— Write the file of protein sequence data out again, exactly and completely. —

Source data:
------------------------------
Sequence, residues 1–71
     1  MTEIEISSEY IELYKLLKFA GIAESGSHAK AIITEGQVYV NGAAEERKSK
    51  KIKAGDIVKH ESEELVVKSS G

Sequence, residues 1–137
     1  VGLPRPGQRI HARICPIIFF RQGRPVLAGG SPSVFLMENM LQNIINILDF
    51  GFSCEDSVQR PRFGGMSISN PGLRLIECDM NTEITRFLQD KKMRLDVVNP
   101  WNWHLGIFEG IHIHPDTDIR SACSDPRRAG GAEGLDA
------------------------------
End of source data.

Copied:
Sequence, residues 1–71
     1  MTEIEISSEY IELYKLLKFA GIAESGSHAK AIITEGQVYV NGAAEERKSK
    51  KIKAGDIVKH ESEELVVKSS G

Sequence, residues 1–137
     1  VGLPRPGQRI HARICPIIFF RQGRPVLAGG SPSVFLMENM LQNIINILDF
    51  GFSCEDSVQR PRFGGMSISN PGLRLIECDM NTEITRFLQD KKMRLDVVNP
   101  WNWHLGIFEG IHIHPDTDIR SACSDPRRAG GAEGLDA